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Wilson Mar


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The Visual Cheat Sheet

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Git is not known as among the simplest of software. It was literally created for and by Linux kernel developers who have a megabrain recall to speed-type long commands.

But I don’t feel I’m that smart, and felt overwhelmed.

Like you, I had no choice but to study hard to fully grasp Git’s complexity. Undeterred, for the last two years, I scoured the internet to view every blog, video, and book about this subject. So you don’t have to.

Battle map

Military commanders use large yet detailed maps to see their entire battlefield, showing the location of bunkers and the sequence of troop movements.

In my personal battle against Git’s complexity, I created a detailed map of the sequences to all data flows in and out of Git’s storage locations and their statuses.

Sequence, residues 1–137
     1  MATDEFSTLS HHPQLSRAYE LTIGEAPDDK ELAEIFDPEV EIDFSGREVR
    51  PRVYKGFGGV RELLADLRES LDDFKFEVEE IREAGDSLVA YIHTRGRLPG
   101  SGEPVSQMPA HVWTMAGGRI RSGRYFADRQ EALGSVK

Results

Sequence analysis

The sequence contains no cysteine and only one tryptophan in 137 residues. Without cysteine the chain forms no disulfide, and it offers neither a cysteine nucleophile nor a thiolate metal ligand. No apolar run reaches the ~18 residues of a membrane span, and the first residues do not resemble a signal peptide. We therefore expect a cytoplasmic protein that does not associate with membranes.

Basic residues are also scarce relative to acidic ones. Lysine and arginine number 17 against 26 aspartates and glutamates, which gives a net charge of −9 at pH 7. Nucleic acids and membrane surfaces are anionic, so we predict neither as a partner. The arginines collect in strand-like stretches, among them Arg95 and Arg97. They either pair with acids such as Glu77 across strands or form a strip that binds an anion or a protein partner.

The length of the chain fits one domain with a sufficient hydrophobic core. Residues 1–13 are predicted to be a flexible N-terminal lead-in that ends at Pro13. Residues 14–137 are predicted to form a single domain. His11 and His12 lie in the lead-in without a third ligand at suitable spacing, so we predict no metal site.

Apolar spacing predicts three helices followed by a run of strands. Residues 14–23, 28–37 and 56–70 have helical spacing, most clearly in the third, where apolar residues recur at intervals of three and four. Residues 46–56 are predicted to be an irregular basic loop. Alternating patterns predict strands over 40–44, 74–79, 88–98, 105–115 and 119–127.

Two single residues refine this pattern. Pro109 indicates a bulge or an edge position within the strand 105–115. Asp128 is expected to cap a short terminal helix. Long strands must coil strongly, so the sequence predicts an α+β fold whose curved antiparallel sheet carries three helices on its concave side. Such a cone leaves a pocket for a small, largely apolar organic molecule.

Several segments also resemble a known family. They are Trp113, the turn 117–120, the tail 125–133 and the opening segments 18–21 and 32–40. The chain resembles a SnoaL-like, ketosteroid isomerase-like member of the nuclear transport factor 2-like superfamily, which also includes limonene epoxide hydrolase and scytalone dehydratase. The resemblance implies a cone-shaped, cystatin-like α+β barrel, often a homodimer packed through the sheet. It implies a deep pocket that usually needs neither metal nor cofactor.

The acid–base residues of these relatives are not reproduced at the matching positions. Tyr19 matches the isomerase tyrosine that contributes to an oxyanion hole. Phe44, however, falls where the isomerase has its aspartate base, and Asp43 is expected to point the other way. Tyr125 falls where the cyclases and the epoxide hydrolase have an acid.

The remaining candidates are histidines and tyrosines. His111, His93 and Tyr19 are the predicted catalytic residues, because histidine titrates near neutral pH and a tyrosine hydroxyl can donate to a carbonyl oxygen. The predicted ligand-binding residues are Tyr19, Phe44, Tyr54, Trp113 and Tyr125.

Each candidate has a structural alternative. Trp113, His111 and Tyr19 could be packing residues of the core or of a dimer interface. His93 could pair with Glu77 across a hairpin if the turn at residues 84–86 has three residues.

Some call it a visual cheat sheet.

But I call it “fearless” because I introduce Git in more depth and in a different sequence than other tutorials that have come before me.

Basic commands flows

I thank ZeroTurnaround for a diagram which illustrates the sequence of basic commands:

PROTIP: I encourage you to pull out a paper and hand-draw the diagram as we go along. You’ll remember it better.

The Git Pull command pulls down a complete copy of a repository’s change history and checks out the latest revision of files in the local Working Directory.

Fetch updates changes from the Remote, but does not update the Working Directory.

Locally made changes are added to Staging and commit updates change history tracking.

Different parameters of the reset command replaces changes in the Working Directory or in Staging with what is in Git’s repository.

Push pushes files back to the remote repository on GitHub.

More detail

But we need to dive deeper so we can comfortably reverse (in a safe way) every action we do. We also want to use Git flow feature branches to work safely as a team.

I have a one-day course I present at conferences, on-site, and on-line the specific commands and additonal PROTIPs covered here.

My next live conference presentation is at StarWest Disneyland Oct. 4, 2016. Sign up at http://goo.gl/5dRcGS. See you there!